But I do enjoy my kindle. It augments books, but does not replace them.


26 posted on 01/28/2013 1:05:05 PM PST by Psalm 144 (Capitol to the districts: "May the odds be ever in your favor.")
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To: jimbo123

Barnes and Noble are going to close a third of their stores? I hope the other 50% will be OK.


27 posted on 01/28/2013 1:06:28 PM PST by blueunicorn6 ("A crack shot and a good dancer")
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To: jimbo123
Image and video hosting by TinyPic

Aw, I guess Obamugabe will have to find another place to do a book signing.

28 posted on 01/28/2013 1:06:32 PM PST by SoFloFreeper
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To: jimbo123
I wanted to give John Mackey's (the vegetarian libertarian CEO of Whole Foods) new book to my daughter (vegetarian, but gainfully employed and paying taxes, so there is hope!) I stopped by B&N this weekend so I would be sure to have it when I saw her. B&N lists the book for $17.30 on their website. Fortunately, I asked the price before I handed over my credit card -- they were asking $27, full price for the book, in the store!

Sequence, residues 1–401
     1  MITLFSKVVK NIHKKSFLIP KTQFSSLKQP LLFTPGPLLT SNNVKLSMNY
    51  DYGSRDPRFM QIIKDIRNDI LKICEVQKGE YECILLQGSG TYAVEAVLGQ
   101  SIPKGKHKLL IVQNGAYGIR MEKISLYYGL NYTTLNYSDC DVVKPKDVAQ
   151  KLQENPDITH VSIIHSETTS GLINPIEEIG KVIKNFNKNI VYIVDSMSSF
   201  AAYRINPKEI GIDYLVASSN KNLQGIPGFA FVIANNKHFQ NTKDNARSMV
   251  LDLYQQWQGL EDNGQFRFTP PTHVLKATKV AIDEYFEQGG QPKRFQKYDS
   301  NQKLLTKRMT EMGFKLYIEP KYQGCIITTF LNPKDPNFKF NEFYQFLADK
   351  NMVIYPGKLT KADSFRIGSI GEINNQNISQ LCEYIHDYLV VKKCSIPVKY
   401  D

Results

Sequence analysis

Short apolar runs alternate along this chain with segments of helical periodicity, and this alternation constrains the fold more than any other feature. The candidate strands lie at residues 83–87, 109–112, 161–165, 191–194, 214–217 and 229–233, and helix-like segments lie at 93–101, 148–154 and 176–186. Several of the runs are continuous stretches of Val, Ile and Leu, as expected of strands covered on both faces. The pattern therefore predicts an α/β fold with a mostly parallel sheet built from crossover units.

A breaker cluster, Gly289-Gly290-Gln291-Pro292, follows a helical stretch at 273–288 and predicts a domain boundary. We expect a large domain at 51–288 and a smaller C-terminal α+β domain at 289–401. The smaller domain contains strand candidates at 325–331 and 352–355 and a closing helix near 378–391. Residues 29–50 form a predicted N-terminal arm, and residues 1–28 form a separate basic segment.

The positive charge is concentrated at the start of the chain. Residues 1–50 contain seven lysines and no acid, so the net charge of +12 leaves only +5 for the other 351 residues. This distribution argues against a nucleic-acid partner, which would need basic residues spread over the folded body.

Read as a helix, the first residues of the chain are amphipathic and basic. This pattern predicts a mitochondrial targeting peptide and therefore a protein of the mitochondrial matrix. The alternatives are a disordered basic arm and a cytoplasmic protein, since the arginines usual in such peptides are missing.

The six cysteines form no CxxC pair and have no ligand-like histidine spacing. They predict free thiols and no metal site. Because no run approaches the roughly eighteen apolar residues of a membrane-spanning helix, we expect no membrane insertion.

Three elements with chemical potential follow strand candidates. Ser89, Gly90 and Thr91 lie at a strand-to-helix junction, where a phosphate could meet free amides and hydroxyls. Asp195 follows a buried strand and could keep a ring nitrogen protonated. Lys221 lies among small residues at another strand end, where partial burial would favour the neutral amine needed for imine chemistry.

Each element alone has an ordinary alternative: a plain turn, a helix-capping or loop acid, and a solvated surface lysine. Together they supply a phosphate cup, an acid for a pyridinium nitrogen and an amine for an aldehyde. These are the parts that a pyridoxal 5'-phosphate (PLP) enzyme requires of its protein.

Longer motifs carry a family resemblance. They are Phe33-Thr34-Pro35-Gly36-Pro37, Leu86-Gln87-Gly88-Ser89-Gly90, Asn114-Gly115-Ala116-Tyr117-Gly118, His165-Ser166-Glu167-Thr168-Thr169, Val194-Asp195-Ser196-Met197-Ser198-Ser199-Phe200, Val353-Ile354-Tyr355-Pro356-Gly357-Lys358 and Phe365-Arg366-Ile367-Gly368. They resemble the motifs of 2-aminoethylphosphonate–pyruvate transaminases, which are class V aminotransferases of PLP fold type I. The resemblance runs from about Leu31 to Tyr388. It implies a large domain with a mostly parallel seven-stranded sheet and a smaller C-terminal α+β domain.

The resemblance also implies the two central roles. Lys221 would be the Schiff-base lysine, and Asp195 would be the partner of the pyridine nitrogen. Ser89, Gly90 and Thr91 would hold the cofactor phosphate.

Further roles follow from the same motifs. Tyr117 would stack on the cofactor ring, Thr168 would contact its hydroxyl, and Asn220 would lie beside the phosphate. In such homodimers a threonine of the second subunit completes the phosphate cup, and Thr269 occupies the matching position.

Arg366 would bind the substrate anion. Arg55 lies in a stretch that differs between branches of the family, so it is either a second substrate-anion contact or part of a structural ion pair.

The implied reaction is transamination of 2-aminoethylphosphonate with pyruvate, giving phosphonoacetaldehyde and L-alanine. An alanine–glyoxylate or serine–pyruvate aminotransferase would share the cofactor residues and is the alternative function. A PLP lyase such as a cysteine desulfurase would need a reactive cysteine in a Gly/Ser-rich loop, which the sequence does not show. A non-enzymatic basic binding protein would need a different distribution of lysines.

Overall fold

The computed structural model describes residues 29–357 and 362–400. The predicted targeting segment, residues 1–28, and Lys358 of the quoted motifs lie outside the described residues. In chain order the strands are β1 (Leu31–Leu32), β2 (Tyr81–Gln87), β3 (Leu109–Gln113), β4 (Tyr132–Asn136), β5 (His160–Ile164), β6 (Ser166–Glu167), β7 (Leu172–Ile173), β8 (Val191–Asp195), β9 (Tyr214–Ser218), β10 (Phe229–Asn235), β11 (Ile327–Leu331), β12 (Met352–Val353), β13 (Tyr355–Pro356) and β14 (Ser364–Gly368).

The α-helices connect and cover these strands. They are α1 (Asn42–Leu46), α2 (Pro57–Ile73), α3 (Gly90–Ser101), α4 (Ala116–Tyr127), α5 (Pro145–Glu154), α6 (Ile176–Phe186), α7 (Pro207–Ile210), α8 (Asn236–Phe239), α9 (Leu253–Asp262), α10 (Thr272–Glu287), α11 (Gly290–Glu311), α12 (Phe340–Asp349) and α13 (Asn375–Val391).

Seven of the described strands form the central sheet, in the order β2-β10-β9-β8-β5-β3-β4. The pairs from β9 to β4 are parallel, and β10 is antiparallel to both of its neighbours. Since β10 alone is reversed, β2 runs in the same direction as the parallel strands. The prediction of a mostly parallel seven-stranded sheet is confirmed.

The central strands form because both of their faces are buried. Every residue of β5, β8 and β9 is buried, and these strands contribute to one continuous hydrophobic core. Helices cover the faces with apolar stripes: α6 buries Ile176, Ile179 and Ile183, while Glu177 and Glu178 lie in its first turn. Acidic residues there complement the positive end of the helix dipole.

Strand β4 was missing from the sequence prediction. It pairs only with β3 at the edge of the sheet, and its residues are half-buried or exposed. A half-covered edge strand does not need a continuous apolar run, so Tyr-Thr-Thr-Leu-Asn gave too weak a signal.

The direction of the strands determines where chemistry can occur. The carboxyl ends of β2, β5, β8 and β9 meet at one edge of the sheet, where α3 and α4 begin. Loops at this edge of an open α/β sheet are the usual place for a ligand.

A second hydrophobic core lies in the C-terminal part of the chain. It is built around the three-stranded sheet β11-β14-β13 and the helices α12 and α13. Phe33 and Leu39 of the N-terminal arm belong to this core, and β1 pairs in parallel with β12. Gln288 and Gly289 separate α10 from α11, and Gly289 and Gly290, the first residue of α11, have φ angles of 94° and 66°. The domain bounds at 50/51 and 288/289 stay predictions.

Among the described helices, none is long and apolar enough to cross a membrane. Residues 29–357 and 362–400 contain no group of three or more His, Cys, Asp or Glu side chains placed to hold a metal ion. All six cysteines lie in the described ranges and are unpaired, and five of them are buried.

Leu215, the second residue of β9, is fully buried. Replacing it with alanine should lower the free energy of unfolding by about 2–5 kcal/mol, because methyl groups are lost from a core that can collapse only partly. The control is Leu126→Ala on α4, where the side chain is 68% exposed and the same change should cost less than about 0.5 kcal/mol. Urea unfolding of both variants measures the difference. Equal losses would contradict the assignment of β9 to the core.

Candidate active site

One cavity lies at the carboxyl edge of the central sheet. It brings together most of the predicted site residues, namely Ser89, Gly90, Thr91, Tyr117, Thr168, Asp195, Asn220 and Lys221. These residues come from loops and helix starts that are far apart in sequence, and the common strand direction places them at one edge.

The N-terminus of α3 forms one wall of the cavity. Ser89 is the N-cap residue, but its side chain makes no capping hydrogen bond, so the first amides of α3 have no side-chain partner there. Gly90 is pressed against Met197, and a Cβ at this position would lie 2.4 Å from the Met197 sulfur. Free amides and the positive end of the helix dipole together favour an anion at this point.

$9.70 plus tax plus my gasoline plus my time so I can wait in line to have a fat, surly, underemployed Obama voting lib put it in a bag for me?

I walked out, and ordered the book from Amazon.

I'm amazed that they only expect one third of the brick and mortar stores to close.

29 posted on 01/28/2013 1:18:41 PM PST by Sooth2222 ("Suppose you were an idiot. And suppose you were a member of congress. But I repeat myself." M.Twain)
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To: kosciusko51